Number Talks Create Ownership in Math Learning

Topics: STEM, Curriculum and Instruction

Educators want all students to engage in a rich mathematical discourse that helps them develop ownership of math knowledge and a positive outlook on math learning. One way to cultivate such an environment is through Number Talks, according to authors Cathy Humphreys and Ruth Parker in Making Number Talks Matter. Number Talks are brief instructional routines in which students use mental mathematics to solve problems.

Students benefit from Number Talks in multiple ways. Jo Boaler describes them in Mathematical Mindsets as the best pedagogical method to develop number sense in a way that helps students see “the flexible and conceptual nature” of math. Other authors say that Number Talks allow students to test problem-solving methods and clarify their own math thinking. In short, Number Talks provide students with a routine that fosters their mathematical ownership.

Teachers can benefit from Number Talks, too. Number Talks can provide a routine to learn how to enact the ambitious instruction called for in documents such as the Common Core Standards for Mathematics and the National Council for Teachers of Mathematics’ 2014 “Principles to Actions: Ensuring Mathematical Success for All” guidance. Number Talks can function as a “container” for teaching strategies that facilitate a mathematical discourse that blends conceptual understanding and procedural knowledge for students.

How Number Talks Are Structured

Number Talks have a clear structure and simple routines that are easy to incorporate into classroom practice, but Number Talks aren’t enough to shift a school to ambitious instruction. In our work with pre-service and beginning teachers, we found that teachers implemented Number Talks in a predictable way that aligns with how they are described in math texts.

The routine includes four phases: Introducing, Collecting, Idea-Sharing, and Closing (Figure 1). Within this structure, we noticed the most variation in the Idea-Sharing phase, where students take ownership of their ideas while making and seeing connections among various strategies as observed in a classroom.

Figure 1:

Source: The Relationship Between Number Talks and Ambitious Instruction: Learning From Beginning Teachers.”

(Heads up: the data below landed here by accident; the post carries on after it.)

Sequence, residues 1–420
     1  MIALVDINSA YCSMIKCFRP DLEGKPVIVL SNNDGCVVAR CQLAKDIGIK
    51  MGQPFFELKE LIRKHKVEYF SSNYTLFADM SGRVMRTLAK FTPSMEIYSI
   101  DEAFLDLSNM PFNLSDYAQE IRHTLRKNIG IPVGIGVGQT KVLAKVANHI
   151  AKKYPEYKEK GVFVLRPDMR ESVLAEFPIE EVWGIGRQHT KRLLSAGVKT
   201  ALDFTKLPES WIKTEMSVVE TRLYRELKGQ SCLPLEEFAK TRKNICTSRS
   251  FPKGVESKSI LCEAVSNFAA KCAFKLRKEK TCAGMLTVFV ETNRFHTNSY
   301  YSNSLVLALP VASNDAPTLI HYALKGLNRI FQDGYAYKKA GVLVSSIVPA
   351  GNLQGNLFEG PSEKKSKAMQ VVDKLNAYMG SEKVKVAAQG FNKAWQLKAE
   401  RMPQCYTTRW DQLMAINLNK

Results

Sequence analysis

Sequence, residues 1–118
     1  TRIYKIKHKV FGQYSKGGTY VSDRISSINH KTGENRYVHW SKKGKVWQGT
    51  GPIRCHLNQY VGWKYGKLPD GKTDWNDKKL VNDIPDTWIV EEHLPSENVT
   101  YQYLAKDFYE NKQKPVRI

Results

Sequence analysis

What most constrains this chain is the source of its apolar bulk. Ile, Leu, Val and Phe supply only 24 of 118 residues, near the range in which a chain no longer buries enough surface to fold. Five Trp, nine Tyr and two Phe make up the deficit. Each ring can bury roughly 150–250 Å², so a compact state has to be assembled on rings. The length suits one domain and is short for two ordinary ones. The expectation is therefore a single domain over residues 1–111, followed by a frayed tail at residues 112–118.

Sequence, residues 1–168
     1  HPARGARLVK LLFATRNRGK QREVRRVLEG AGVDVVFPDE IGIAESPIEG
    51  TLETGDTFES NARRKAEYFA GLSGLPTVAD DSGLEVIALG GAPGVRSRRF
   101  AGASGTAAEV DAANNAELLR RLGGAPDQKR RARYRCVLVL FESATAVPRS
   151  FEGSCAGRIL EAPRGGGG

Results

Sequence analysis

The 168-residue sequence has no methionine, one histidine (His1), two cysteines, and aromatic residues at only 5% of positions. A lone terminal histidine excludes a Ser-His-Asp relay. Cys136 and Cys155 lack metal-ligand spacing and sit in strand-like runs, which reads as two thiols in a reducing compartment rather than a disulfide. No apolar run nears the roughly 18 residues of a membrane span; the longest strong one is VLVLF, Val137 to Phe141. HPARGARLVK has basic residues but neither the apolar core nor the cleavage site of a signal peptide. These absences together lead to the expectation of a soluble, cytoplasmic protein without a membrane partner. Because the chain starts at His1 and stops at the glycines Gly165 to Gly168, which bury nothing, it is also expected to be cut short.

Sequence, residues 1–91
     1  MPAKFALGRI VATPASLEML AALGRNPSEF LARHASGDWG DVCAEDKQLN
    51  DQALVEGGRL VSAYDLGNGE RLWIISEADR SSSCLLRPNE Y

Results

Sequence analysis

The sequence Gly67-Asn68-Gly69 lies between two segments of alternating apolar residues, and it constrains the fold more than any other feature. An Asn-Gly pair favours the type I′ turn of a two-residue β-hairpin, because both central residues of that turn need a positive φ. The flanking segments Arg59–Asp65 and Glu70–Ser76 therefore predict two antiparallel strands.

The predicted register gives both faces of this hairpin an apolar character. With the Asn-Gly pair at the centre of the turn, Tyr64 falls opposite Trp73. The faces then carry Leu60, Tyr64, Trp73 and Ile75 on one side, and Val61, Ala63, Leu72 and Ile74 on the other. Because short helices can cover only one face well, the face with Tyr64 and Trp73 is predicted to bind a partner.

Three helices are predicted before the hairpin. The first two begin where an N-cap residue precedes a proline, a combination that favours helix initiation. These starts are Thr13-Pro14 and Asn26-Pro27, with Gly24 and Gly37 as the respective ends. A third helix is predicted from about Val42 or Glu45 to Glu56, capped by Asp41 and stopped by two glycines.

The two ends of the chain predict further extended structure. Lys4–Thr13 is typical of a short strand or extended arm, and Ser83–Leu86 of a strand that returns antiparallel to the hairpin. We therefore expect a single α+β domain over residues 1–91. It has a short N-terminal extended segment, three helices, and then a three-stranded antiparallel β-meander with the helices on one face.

Mathematical Thinking and Learning, 2023

One pitfall is what we call serial sharing. These are situations in which the teacher elicits individual strategies one student at a time, the student shares a strategy, and the teacher uses prompts to encourage another student to share a strategy: “What did you try? Anyone try something else? Did someone who got a different answer have something to share?” With serial sharing, students don’t get opportunities to ask questions about or otherwise respond to a previous strategy or make connections among the ideas shared.

Enhancing Number Talks

Principals play an important role in scaffolding teachers’ opportunities to learn from their own teaching. Here are a few ways principals and instructional leaders can support teachers in using and learning from Number Talks in service to the greater goal of empowering students and making them excited to engage in a rich mathematical discourse.

What to Look For in Number Talks

We offer the following guides to help principals and teacher leaders work with teachers to make Number Talks more powerful. Each of the tables below is meant to foster conversations in which principals and/or teacher leaders support teachers to use one of the three teacher moves identified in Table 1 to enhance enactment of Number Talks. Each table provides questions that can be useful to planning, reflecting, and/or observing a Number Talk.

In our research, we found that beginning teachers who primarily facilitated serial sharing during the Idea-Sharing phase tended to engage in less ambitious instruction throughout their lesson. In contrast, teachers who facilitated the Idea-Sharing phase in a less predictable fashion used more ambitious teaching strategies in their ordinary lessons. These teachers facilitated Idea-Sharing by asking students to debug errors in presented strategies, asking multiple students to reason about a single shared strategy, and orienting students to make connections to concepts and among students’ strategies.

When teachers avoid serial sharing using strategies like these, they enhance Number Talks by getting more students actively engaged in thinking about a shared strategy.

Serial sharing isn’t categorically bad, however; in fact, when learning to facilitate mathematical discussion using Number Talks, it might be a necessary first step for students and teachers alike. As a teacher leader, you can help teachers identify when they are ready to move beyond serial sharing to make Number Talks more powerful.

Brent Jackson is a research associate in mathematics education at WestEd.

Byungeun Pak is an assistant professor at Utah Tech University.

Jillian Cavanna is an assistant professor at University of Hartford.